Gazetteer of the State of Maine, 1882 page 301
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Gazetteer of the State of Maine With Numerous Illustrations, by Geo. J. Varney

BOSTON: PUBLISHED BY B. B. RUSSELL, 57 CORNHILL. 1882. Public domain image from


The lame man had reached Portsmouth in safety, and brought his
neighbors timely succor.

Grants of fifty acres of land to new settlers were offered in 1719.
Stephen Harding received a lot on condition that he and his heirs
should maintain a ferry on Kennebunk River, and convey all inhabi-
tants of the town without charge. In 1627, feeling secure from the
Indians, the inhabitants undertook to build a meeting-house, but the
work went on slowly. In 1728 occurred the fourth great earthquake
experienced sincet he settlement of the regions. The alarm it caused
brought about a revival of religion, and the reformation of many;
and in consequence of this, the church edifice was speedily completed.
In 1745 the town sent a company under command of Captain Thomas
Perkins to aid in the capture of Louisburg. The news of the battle of
Lexington reached Cape Porpoise three days after its occurrence.
Many citizens flocked to the army at Cambridge; and at home meas-
ures were immediately taken to supply the town with ammunition; a
committee of safety was appointed, and a representative sent to the
Provincial Congress.

The town received but one visit from the enemy during the war.
It was in August, 1782, that an armed English brig came into tbe har-
bor and took a schooner and sloop belonging in Newbury, Massachu-
setts. A citizen named Samuel Wildes, who was partly deranged,
went out to them in a small canoe and ordered them to give up tbe
vessels and leave the port. He was fired at and wrounded in several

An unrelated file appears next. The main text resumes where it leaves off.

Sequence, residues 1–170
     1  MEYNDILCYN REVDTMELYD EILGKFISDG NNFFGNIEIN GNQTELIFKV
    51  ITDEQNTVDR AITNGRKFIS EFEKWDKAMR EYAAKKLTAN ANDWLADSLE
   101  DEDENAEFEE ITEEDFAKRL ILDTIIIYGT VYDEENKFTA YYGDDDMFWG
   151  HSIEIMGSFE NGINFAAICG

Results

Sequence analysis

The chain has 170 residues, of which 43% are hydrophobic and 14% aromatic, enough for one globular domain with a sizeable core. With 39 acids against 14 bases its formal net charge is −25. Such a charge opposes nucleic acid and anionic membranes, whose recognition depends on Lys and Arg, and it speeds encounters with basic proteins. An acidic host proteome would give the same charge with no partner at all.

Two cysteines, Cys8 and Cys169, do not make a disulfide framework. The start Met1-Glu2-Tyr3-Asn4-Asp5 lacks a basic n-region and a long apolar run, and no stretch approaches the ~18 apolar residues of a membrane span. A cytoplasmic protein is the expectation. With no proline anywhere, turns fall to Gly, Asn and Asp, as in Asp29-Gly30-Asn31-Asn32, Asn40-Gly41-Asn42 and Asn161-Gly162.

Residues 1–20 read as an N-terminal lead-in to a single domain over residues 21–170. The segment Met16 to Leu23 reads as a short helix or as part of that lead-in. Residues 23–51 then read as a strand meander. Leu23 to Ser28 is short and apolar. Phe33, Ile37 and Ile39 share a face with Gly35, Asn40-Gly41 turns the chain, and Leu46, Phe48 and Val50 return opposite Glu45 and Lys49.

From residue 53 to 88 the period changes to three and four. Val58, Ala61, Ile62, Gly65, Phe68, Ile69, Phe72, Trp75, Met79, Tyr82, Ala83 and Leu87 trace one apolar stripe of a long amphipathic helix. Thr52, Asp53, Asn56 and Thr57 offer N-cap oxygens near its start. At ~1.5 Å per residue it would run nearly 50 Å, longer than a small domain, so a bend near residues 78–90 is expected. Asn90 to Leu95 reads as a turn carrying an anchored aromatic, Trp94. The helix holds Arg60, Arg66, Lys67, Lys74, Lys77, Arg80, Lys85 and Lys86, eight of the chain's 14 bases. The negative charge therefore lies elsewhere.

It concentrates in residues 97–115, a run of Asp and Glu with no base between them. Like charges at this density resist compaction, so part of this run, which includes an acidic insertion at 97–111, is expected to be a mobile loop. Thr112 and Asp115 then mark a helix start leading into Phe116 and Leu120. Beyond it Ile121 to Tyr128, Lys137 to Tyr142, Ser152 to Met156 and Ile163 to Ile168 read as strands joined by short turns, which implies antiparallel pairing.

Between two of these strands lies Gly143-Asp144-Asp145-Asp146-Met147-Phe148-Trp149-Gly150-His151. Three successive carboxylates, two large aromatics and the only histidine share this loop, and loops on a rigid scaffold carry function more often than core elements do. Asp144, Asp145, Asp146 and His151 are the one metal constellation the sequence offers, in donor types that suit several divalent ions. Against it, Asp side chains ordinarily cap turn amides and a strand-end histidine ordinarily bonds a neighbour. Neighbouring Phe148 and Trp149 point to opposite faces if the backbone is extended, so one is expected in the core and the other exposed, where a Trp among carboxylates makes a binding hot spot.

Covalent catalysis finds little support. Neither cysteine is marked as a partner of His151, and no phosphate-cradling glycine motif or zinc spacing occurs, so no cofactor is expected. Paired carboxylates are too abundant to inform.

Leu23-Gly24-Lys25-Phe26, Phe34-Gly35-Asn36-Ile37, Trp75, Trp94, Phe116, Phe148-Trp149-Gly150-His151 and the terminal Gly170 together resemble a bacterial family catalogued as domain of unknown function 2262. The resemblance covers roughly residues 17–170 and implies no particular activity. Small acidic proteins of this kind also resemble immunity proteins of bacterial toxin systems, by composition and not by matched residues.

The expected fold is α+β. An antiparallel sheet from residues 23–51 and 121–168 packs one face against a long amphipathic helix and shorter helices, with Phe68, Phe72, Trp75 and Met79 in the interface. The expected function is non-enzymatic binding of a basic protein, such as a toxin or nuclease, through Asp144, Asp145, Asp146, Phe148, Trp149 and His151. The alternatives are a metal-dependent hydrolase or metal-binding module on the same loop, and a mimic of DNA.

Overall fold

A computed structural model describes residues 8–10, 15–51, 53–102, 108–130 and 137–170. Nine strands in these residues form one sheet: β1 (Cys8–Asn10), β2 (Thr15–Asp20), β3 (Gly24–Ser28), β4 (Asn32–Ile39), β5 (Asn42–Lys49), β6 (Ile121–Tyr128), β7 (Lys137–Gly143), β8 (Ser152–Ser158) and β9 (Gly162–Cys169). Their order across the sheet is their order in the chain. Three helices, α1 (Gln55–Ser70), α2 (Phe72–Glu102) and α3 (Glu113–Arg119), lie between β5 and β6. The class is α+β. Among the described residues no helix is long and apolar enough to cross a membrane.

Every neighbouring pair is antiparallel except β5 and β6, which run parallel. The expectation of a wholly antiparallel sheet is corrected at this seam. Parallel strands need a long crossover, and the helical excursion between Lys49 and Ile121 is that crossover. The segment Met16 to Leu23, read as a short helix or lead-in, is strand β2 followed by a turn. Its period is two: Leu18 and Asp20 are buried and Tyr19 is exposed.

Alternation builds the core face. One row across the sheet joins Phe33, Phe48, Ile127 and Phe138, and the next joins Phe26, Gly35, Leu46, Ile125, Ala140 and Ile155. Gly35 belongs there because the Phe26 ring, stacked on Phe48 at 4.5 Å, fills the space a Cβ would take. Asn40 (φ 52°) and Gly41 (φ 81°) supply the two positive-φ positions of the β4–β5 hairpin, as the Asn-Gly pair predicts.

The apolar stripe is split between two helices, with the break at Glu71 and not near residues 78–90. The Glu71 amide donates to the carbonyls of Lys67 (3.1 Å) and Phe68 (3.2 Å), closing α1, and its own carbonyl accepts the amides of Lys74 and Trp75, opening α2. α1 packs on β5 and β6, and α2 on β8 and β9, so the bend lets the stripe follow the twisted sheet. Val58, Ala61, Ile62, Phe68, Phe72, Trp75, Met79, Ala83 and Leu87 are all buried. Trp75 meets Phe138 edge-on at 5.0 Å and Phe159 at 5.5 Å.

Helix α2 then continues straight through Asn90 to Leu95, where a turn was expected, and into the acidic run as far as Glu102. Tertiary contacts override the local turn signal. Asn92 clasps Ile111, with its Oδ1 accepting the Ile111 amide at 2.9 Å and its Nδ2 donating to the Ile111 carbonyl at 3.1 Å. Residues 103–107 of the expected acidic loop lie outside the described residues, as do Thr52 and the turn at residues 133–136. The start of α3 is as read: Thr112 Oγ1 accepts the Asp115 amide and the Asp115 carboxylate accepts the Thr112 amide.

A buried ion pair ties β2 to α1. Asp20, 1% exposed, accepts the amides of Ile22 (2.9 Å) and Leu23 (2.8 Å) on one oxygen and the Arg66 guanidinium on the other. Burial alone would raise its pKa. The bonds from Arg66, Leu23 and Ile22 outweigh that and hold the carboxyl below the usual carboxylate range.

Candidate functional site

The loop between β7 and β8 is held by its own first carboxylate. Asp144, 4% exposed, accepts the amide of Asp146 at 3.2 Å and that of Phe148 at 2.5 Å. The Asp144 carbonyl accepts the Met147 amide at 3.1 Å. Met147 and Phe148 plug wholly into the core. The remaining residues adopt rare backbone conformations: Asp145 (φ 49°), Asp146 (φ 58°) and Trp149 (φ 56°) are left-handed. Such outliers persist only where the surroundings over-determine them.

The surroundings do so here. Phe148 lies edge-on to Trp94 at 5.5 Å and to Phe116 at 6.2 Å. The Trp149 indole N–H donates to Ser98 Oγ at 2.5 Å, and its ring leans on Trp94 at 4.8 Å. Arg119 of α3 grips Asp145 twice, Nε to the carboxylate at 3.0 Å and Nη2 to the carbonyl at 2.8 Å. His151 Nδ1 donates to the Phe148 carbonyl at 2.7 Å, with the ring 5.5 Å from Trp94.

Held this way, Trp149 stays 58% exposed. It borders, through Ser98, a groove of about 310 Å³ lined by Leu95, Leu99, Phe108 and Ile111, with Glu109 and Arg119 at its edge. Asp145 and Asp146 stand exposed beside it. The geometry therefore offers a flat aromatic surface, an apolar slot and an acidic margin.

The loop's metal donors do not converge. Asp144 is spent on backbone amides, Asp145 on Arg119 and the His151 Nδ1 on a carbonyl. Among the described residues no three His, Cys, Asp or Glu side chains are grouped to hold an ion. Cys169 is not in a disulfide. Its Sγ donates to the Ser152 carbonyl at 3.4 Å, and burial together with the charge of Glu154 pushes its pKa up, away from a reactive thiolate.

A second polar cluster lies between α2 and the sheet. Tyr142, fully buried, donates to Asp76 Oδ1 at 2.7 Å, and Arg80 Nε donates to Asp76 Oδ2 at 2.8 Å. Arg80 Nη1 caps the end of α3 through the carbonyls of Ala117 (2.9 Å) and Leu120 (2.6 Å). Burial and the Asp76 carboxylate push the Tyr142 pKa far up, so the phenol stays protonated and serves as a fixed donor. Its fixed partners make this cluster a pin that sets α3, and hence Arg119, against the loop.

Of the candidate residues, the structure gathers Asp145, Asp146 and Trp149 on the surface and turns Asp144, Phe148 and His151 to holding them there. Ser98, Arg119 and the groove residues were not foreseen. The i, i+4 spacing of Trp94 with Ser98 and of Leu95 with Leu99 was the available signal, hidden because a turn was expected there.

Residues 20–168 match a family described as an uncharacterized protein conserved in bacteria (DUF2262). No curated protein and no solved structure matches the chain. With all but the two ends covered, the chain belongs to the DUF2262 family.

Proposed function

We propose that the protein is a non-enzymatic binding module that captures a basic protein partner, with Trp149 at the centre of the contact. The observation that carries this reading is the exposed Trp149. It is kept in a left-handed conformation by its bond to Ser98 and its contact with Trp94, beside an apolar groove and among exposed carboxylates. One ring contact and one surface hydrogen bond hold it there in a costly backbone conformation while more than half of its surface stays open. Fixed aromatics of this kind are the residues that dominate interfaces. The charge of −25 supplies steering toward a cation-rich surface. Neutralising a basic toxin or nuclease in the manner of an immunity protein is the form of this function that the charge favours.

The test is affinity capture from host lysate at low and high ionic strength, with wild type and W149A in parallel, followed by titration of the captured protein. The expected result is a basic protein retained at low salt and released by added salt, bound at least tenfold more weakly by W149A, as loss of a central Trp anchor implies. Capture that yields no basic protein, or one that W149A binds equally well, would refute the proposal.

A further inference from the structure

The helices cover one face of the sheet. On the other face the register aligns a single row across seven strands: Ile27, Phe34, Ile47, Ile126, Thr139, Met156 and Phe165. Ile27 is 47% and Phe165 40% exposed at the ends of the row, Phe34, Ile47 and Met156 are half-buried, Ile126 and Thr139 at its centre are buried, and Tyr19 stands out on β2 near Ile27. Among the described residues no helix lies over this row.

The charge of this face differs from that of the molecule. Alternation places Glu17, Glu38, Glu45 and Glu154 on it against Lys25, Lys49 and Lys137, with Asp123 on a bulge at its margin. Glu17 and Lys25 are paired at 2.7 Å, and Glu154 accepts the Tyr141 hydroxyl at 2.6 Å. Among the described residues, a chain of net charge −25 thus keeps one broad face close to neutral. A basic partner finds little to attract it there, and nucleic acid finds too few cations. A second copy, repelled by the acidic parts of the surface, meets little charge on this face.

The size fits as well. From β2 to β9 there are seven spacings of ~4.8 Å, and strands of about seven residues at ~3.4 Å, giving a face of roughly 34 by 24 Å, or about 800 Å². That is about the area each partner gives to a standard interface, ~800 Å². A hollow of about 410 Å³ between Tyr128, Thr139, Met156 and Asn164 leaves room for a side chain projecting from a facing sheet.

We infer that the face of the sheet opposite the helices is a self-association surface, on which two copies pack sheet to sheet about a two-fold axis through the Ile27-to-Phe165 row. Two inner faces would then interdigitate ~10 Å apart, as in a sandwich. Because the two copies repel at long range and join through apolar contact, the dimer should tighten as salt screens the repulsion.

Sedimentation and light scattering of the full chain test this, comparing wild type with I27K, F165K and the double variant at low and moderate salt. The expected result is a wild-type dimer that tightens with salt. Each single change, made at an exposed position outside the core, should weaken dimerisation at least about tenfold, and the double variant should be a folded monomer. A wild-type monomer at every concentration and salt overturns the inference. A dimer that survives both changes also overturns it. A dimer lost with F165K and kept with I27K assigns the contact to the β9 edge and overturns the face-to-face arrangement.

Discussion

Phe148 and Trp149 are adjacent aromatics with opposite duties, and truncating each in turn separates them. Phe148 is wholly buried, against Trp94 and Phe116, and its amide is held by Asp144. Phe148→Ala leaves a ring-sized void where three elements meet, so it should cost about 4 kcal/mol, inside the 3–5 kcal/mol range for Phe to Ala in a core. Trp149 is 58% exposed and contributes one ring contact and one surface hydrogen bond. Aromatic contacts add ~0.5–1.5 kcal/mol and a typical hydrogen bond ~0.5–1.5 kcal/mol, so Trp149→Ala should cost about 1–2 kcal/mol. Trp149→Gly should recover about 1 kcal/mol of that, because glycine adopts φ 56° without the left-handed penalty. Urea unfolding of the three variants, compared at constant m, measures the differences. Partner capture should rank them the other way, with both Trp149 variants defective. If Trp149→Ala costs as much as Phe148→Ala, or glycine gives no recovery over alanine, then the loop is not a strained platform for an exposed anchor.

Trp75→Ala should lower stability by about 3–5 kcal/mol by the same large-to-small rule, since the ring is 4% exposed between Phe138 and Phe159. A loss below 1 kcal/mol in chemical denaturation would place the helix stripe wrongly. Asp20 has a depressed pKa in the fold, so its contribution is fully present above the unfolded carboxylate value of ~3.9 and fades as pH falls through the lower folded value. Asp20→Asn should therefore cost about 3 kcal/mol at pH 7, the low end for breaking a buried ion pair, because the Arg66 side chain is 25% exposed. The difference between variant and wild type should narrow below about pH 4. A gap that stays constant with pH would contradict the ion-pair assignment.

places, but escaped to shore. The inhabitants soon collected on Trott’s
Island, and afterward passed to Goat Island, and a conflict ensued.
A number of the English were killed, and the brig forced to leave the
harbor without their prizes. Lieutenant James Burnham was the only
one killed on the American side.

The following are names of citizens who were captains in the army
of the Revolution. Jesse Dorman was at Cambridge in 1776; Tobias
Lord, at the surrender of Burgoyne, White Plains, Saratoga; Daniel
Merrill, Cambridge, 1775-6, Hubbardston, surrender of Burgoyne, and
served until the close of the war; Joshua Nason, James Perkins, on
North River, 1776-7. Tbe following were lieutenants: James Burn-
ham, killed at Cape Porpoise fight, 1782 ; John and Tobias Lord, sons
of Captain Tobias Lord; Lemuel Miller; Amos Towne was at Dor-
chester Heights in 1776.

In the war of 1812, a fort was built at Kennebunk Point and a
battery erected at Butler’s Rock, commanding the entrance of the
river. Several privateers were fitted out, some under Danish colors;
but most of them were captured by the enemy.

The first church records in town are of the Congregational Church,
and were commenced at about the time of the settlement of the Rev.
Jolm Eveleth, in 1719. In 1720, a house was built for bis residence,
which served also for a meeting-house and town-house. The first
Baptist meeting-house was built in the upper part of the town in 1797.
The town has now two Congregational, a Methodist, and a Baptist
church. There are twelve schoolhouses, and the school property is
estimated at $8,000. The town valuation in 1870 was $901,431. In
1880 it was $866,802. The population in 1870 was 2,372. In 1880
it was 2,405. The rate of taxation is 18 mills on half the valuation.

Kent’s Hill, a small village and post-office in Readfield,


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